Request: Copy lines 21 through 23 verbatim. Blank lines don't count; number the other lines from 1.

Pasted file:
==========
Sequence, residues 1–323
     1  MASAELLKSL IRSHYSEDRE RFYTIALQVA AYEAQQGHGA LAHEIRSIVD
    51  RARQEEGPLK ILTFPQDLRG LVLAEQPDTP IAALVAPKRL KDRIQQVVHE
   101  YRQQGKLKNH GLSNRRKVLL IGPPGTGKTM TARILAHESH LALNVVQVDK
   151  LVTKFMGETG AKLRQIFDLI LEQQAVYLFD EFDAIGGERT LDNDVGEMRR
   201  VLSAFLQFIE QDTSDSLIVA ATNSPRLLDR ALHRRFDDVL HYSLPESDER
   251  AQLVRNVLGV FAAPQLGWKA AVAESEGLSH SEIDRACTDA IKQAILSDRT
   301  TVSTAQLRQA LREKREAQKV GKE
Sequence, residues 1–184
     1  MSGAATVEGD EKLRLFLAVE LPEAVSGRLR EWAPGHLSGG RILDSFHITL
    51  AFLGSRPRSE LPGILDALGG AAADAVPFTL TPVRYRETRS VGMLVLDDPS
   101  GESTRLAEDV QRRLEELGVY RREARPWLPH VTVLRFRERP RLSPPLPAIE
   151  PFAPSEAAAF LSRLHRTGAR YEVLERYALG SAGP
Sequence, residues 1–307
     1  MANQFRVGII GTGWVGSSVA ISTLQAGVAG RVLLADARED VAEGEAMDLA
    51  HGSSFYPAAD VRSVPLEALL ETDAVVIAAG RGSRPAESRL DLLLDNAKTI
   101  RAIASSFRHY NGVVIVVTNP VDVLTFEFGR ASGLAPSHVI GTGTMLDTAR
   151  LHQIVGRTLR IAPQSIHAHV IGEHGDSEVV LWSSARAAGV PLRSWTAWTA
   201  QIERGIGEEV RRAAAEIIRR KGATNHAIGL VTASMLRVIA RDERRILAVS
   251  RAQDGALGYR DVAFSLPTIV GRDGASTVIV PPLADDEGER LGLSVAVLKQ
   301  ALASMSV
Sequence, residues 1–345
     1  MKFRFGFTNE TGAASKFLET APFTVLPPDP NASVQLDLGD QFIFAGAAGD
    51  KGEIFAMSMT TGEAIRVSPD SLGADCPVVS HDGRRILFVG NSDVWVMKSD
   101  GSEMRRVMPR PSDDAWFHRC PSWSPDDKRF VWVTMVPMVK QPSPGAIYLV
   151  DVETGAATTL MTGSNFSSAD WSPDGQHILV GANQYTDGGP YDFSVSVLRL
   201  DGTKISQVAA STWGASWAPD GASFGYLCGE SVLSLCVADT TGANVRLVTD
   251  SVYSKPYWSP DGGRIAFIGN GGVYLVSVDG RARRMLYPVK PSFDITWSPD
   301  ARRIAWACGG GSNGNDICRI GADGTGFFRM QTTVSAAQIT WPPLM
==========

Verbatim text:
   301  ALASMSV
Sequence, residues 1–345
     1  MKFRFGFTNE TGAASKFLET APFTVLPPDP NASVQLDLGD QFIFAGAAGD